Even if the military is still behind him, it is highly unlikely that he may decide to confront the Americans, forget about democracy, stop taking international pressures, and take absolute power in his own hands once again as he had when he took power in October 1999. It does not seem possible that Musharraf would once more abolish the assemblies, defer the constitution, draft his own constitution, and declare a presidential system or even martial law. In the past, he formed a team of so-considered honest, selfless and efficient professionals to rectify the damages done in the past few years and tried to bring back control in the economy, security, governance, judiciary and social welfare of the country. He has clearly failed. Of course, the suffering masses are not interested in democracy or martial law. They want security, dignity, cheap food and energy, as well as economic development. It does not matter to them who delivers this. Nevertheless, it will be a huge task to fool them twice with the same mantra. On the part of General Musharraf, it would amount to saying, “I am redoing the eight-year experiment.”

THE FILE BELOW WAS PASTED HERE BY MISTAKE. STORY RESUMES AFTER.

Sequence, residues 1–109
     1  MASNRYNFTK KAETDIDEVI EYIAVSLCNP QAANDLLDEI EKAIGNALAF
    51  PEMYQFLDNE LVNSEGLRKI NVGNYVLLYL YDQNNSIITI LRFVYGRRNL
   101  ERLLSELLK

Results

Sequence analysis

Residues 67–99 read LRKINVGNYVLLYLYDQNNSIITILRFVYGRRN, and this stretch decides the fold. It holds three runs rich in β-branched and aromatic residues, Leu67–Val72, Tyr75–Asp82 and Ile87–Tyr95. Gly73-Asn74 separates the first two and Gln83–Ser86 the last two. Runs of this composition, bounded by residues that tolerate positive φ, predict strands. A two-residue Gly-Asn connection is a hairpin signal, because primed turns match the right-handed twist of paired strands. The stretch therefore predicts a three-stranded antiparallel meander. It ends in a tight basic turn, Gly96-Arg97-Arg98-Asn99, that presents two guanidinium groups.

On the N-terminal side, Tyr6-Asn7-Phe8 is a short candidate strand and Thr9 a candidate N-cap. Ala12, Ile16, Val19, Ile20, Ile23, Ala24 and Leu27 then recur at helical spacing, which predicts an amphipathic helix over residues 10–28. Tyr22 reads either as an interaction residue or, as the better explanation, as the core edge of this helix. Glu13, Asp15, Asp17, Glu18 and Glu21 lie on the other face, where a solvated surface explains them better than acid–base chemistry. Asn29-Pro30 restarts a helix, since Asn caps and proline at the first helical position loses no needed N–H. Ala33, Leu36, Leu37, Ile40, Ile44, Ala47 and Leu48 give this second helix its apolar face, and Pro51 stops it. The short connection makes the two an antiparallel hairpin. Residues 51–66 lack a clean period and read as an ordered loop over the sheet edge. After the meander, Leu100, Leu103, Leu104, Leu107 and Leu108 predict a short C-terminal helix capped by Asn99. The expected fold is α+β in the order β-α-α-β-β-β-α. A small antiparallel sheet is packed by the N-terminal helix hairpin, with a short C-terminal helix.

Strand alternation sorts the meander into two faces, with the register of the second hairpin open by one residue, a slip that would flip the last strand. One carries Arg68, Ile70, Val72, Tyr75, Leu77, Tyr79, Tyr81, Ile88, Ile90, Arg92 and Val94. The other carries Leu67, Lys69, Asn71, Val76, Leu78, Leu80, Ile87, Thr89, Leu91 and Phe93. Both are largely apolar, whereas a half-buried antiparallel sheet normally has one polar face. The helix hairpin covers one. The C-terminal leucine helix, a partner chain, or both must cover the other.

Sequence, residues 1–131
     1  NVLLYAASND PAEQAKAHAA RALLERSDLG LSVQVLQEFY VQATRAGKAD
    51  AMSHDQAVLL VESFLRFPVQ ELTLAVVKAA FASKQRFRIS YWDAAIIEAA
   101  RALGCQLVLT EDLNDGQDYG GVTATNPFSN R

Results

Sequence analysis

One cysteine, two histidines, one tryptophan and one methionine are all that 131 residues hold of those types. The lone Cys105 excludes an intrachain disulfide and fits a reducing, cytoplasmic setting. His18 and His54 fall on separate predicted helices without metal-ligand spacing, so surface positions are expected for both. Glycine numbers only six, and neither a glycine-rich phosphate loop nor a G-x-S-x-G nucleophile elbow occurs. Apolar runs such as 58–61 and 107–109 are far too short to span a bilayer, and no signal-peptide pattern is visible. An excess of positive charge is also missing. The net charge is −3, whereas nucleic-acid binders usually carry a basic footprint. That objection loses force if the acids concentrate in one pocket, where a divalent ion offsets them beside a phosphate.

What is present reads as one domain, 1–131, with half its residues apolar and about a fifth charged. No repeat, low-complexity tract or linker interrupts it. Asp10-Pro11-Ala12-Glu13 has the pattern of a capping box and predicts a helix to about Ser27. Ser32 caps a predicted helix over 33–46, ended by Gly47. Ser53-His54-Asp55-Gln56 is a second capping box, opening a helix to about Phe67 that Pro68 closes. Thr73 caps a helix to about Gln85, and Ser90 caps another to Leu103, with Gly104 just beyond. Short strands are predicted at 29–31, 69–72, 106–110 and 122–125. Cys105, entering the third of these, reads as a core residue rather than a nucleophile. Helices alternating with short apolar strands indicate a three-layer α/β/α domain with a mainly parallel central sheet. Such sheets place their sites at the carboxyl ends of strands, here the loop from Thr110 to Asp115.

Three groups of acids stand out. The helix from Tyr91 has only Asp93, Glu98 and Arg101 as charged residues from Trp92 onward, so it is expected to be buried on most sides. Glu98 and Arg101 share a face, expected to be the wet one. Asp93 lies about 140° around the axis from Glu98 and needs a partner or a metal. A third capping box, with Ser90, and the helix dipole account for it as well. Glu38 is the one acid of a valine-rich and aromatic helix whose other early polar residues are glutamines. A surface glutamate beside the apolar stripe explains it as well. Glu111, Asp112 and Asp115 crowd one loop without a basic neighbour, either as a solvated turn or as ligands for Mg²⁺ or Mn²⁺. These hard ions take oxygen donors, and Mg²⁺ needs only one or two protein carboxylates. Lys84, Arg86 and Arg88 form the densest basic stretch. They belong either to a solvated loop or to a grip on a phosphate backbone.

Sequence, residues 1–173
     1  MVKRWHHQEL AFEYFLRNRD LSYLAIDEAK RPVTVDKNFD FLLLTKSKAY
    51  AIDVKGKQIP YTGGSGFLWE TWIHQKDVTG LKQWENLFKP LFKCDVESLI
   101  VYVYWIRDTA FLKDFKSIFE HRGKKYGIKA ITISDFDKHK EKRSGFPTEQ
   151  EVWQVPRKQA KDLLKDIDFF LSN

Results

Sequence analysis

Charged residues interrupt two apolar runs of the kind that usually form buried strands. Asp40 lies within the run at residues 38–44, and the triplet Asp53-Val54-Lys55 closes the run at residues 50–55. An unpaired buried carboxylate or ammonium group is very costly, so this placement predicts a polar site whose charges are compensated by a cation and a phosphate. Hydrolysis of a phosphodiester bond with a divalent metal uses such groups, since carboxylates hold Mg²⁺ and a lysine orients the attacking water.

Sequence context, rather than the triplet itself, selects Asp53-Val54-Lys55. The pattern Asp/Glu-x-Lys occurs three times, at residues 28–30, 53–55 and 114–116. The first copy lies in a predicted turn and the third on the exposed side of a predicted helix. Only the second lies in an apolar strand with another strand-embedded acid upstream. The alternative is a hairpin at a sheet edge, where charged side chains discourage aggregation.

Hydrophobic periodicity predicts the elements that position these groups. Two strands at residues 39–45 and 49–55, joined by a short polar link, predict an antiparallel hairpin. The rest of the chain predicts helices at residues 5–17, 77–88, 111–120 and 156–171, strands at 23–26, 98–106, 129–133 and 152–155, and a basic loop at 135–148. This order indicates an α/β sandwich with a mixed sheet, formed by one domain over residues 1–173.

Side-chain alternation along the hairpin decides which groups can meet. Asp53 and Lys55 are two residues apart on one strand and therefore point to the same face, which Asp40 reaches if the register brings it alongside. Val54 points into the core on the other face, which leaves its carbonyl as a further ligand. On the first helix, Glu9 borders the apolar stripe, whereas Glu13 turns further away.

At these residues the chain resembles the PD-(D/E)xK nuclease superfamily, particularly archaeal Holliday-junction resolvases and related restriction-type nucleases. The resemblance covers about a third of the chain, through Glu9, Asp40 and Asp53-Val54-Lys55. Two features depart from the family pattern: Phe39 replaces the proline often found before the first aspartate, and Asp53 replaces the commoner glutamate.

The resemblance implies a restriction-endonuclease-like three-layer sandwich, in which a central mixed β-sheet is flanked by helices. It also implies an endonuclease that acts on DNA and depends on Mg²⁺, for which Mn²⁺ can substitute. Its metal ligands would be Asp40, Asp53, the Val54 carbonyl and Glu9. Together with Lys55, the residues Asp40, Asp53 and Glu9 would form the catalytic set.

Another option is renegotiating with the Americans. It is not a problem for him to bend backwards even more. He would send Pakistani forces to Iraq, recognize Israel, commit more troops to Miranshah, take responsibility for finishing off the Taliban in Afghanistan and the Madrassas in Pakistan, and allow more unrestricted access to the United States into Pakistan’s security and intelligence, as well as nuke apparatus. Nevertheless, for sustaining all this he has to remain the chief of armed forces. With these measures, he can immediately become the blue-eyed boy of the Americans once again and there will be no further chatter in Washington about democracy. But Musharraf will have a revolt on hand in the home front and perhaps even a rebellion in the army.